Life Story Rights

What are life story rights?

Though legal counsel must ultimately make a determination as to what encompasses the “rights” with in the words “life story rights” there are some guidelines that every writer and screenwriter can become aware of.

“Life Story Rights” refers to real and imagined rights (creative liberties) held by an individual.  These rights generally refer to a persons rights related to privacy, defamation and publicity.

Writers and production companies pay money for the life story rights and others write or make films based on unauthorized use.  Unauthorized use is not something illegal, it means that the story and the characters are considered Public Domain or sometimes referred to as PD.

Buying a person’s life story rights is complicated.  Even though a person buys the life rights of another, it does not mean that another cannot make or write the story.  Many examples are seen with presidents; you may see an authorized biography and an unauthorized biography.  Presidents are the cream of crop for public domain and rarely are their lawsuits.  Athletes, criminals and other politicians are this way.

Just as the “right to privacy” or the “right to publicity” has no strict definition, neither do life story rights.  Often the author or producer pays the person to get cooperation or inside information for the story.  Many times a person has secure documents that the writer want to make use of, so an agreement is put in place to obtain these documents.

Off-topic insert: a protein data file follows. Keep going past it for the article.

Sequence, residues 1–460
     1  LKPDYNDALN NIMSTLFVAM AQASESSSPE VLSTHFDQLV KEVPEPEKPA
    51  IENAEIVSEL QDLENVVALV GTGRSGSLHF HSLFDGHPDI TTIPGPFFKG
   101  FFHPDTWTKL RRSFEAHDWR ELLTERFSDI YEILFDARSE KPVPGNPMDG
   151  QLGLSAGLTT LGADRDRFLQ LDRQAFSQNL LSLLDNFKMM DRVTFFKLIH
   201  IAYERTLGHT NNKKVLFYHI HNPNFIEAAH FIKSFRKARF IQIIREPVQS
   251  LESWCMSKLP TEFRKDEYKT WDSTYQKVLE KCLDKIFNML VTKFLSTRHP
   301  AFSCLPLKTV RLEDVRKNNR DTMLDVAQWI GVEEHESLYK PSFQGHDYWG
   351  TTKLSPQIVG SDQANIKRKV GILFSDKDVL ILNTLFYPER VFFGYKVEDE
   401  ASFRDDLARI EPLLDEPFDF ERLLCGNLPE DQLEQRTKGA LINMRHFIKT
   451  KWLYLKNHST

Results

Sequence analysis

The First Amendment allows writers to write about public domain characters and allows filmmakers to make movies about public figures.  In the movie Frost Nixon, Director Ron Howard speaks specifically to this point in the Directors Cut.  Ron Howard, Director, made the movie without any authorization from David Frost, the famous interviewer.  Mr. Howard speaks about how he took creative liberty in the dialogue to make the story points, which were valid and true, yet the dialogue imagined.

The Right To Privacy found with the Fifth and Fourteenth Amendment and in substantive law and is basically a generic term referring to the right to be free from unlawful intrusion or defamation.  Read our page on defamation for more information on Life Story Rights.

The Fair Use Doctrine may also come into play in some decisions involving true and reported events.

According to the Library of Congress, “under the fair use doctrine of the U.S. copyright statute, it is permissible to use limited portions of a work including quotes, for purposes such as commentary, criticism, news reporting, and scholarly reports. There are no legal rules permitting the use of a specific number of words, a certain number of musical notes, or percentage of a work.”  News reporters, bloggers, documentary makers, filmmakers, writers and Internet sites take rights under the Fair Use Doctrine.  Fair Use is a little like the Right to Privacy and thus it varies country to country also.

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